How Crop Insurance Makes Landowners and Big Growers Richer – And Hurts Other Farmers
Crop insurance hikes up the cost of cropland -- bad news for small farmers who own their own land and growers, large and small, who rent acreage from landlords.
That’s the conclusion of a seminal new study by Mike Duffy, professor emeritus of economics at Iowa State University, and the Center for Rural Affairs in Lyons, Neb.
The study shows that crop insurance premium subsidies are so excessive that they inflate the appraised value of farmland, raising sale prices and rental rates.
These financial distortions are added and usually overlooked consequences of the federal crop insurance program, on top of what the program exacts from taxpayers and the environment. Crop insurance costs taxpayers billions of dollars each year. It damages the environment by encouraging growers to farm on environmentally sensitive land, a practice that cascades into more soil erosion, water pollution and biodiversity loss.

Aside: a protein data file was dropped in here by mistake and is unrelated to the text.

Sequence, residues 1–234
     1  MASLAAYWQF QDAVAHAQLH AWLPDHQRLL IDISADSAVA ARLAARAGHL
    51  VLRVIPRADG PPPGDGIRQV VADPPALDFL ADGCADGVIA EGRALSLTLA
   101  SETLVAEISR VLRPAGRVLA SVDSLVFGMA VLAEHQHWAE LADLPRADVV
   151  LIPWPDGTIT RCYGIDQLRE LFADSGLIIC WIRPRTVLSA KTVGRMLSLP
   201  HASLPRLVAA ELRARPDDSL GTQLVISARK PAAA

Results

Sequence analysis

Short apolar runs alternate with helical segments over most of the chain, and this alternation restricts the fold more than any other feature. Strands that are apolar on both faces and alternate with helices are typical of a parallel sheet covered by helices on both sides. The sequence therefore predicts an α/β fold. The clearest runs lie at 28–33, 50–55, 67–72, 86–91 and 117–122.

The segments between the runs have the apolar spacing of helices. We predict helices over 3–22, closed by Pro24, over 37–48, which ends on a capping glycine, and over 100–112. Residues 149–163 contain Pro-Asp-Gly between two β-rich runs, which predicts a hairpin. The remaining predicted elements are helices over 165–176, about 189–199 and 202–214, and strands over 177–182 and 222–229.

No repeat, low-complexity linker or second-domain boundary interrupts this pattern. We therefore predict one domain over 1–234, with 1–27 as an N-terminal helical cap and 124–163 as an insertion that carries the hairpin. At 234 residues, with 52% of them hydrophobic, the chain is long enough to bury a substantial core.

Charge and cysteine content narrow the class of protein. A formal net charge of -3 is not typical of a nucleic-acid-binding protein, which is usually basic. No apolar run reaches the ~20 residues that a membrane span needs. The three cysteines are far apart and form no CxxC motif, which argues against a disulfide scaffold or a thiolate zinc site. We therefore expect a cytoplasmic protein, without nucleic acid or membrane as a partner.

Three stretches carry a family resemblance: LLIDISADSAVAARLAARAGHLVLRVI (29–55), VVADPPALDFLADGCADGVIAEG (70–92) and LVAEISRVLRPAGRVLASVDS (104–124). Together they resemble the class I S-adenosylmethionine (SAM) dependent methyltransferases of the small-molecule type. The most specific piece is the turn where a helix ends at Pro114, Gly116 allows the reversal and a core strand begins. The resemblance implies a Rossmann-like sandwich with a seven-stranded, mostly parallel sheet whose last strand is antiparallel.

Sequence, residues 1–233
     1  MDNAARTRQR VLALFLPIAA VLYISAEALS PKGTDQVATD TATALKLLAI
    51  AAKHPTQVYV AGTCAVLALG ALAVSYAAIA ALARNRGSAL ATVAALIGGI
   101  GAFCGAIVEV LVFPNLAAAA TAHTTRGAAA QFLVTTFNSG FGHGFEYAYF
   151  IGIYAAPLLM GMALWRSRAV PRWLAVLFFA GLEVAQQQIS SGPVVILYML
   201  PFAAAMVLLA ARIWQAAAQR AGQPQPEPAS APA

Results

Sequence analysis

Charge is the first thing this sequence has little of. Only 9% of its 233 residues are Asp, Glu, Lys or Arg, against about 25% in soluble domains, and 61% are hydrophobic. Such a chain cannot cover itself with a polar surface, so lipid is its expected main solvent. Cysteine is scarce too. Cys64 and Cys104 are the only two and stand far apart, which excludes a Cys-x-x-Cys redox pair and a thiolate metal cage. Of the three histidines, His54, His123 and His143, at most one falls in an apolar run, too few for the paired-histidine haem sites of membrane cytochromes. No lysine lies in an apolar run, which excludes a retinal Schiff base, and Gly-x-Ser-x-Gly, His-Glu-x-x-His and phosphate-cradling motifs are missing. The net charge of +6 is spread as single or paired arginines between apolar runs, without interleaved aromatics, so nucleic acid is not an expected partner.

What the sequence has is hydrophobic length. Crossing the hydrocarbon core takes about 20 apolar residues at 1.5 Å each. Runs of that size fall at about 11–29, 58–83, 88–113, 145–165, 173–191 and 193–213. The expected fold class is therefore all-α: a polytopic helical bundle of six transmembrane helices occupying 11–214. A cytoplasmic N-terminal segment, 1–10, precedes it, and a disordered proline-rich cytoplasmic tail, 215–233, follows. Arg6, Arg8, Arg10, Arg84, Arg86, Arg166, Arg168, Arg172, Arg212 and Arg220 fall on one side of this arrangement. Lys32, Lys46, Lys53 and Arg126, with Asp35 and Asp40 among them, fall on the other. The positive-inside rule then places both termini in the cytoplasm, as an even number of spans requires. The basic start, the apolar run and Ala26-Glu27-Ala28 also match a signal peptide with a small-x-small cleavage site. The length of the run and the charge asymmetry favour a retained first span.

Between 1989 and last year, crop insurance premium subsidies in Iowa alone amounted to 4.8 percent of the average value of all the state’s acres devoted to growing crops.
Over the past decade, crop insurance subsidies accelerated the yearly increase in farmland appraisal values. These values on average rose by 8.5 percent per year between 2006 and 2015, compared to 7.2 percent per year between 2001 and 2015.
Growers rent nearly 40 percent of American farmland. Rent is usually these growers’ largest per-acre cost. Rental rates have remained high at the same time commodity prices have dropped dramatically. When growers have to pay more for land because crop insurance raises the rental rates they pay, their overall costs of doing business increase. Facing higher costs and lower commodity prices, some growers are approaching the point where they will no longer break even. At that point, they have a serious decision to make – leave farming or hang in, hoping something will change.
Their landlords, on the other hand, are in a win-win situation. Their costs stay the same but the rent they can charge increases.
Crop insurance hurts small farmers, whether they rent or own the land. Large, wealthy farm businesses can afford to buy more farmland as costs increase, but small and beginning farmers cannot. Some of them can no longer afford to grow crops.
The federal crop insurance program should help farmers who need it most, not landlords and millionaire farm businesses. Through common sense reform, the next federal Farm Bill should fix the crop insurance program so that it no longer damages new and small farmers, growers who rent their land, taxpayers and the environment.